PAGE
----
In terms of lives lost by the impact of the 1868 tsunami, the USS “Wateree” fared much better. The ship's design of a flat bottom, with wheels on both sides and double rudders in the bow and stern, gave the ship stability which prevented its breaching - thus saving the crew from harm. However, the ship was badly damaged and since it was beyond any cost of effective repair, it was sold for its scrap value. All of Wateree's crew survived with the exception of one seaman who was was tending the captain's gig and who was carried out to sea and drowned.

The accounts on how far the USS “Wateree” was dragged inland by the 1868 tsunami difer and are somewhat misleading or eroneous. According to one account, the USS “Wateree” was dragged about 3km inland and deposited at what is now known as "Chinchorro" beach at the foot of Cerro Chuño (a coastal hill). However, another account states that a subsequent tsunami in 1877 refloated the ship and deposited approximately 7.4 km in a northeast direction and beached about 1850 meters away of the coastline. This account seems to be inaccurate.

There is also an account of events of that day by the captain the USS “Wateree”, U.S. Navy Commander, JAMES H. GILLIS. (See Page on the "Loss of the USS Wateree" with additional photographs of the U.S. Navy Archives). The account by Gillis states that while on the ship he felt a trembling, then heard a rumbling sound from the shore (Taylor, Washington Times). Looking toward the town of Arica, he saw buildings collapsing and realized that the town was impacted by a severe earthquake. Immediately, he ordered the deployment of a second anchor for the ship, then called for his gig and accompanied by the ship's doctor, set out to render assistance.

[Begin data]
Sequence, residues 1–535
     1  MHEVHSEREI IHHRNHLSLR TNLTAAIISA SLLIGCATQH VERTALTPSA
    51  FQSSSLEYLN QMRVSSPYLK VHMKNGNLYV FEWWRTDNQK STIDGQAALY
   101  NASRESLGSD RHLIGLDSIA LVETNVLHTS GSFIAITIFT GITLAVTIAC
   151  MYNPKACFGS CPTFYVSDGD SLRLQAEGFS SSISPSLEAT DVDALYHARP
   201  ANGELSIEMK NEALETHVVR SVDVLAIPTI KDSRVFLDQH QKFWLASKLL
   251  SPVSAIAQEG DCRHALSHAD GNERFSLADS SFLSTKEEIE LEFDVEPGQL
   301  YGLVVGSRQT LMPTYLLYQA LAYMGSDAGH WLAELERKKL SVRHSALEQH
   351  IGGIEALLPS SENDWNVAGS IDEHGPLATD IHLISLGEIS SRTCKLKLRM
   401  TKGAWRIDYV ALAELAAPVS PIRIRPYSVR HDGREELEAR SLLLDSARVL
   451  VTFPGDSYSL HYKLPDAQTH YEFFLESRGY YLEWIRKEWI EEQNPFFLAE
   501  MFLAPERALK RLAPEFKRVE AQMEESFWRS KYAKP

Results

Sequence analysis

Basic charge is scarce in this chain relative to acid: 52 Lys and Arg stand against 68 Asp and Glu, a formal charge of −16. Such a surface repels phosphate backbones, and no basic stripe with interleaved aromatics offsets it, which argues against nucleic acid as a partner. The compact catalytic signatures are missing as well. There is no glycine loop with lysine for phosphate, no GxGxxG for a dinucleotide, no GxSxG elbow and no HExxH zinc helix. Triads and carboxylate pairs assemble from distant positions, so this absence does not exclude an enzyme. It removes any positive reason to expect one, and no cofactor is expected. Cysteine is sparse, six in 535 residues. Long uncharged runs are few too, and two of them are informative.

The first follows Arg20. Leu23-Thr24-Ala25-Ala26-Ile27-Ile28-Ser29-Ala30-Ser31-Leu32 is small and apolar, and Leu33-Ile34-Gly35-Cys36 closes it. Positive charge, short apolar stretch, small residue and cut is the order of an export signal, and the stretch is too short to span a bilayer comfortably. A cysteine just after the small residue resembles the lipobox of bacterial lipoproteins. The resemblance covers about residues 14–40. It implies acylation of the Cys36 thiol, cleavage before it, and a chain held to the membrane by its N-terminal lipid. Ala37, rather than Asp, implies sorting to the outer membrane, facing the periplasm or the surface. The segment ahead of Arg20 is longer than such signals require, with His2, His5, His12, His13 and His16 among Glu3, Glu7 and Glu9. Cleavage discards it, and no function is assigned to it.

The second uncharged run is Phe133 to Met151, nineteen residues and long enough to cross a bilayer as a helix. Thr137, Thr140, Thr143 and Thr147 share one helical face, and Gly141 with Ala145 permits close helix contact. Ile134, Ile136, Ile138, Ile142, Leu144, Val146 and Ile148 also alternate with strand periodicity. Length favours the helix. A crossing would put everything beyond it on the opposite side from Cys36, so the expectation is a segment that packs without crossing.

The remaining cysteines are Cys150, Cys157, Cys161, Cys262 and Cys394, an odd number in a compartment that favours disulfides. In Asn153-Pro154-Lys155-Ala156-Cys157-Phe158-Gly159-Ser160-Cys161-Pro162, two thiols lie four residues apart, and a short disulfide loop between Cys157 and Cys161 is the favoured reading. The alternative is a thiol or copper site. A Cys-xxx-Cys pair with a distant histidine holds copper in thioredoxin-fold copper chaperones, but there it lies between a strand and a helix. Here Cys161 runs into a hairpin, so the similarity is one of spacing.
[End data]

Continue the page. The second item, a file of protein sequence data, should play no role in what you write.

According to his account, when they reached shore, the water in the harbor was receding rapidly and various small crafs were carried around by stong currents. Shortly afterwards the first tsunami wave arrived and the smaller boats begun to smash against the shore. This first wave rose the USS “Wateree” on its crest. Already, most of the town of Arica lay in ruins and its harbor was filled with debris, lumber, shrubbery, cattle and even railroad cars. The cries of the injured could be heard occasionally over the sound of the wave. After the first wave receded, a second wave arrived. Thee USS Wateree had already paid out nearly 600 feet on each of its two anchor chains, which held. The larger ships in the harbor, including Wateree and Fredonia, appeared to be holding their own.    However, around 6:30 that evening, a much larger wave with an estimated crest at more than 40 feet crashed onto the deck of the Wateree and swung violently on its anchors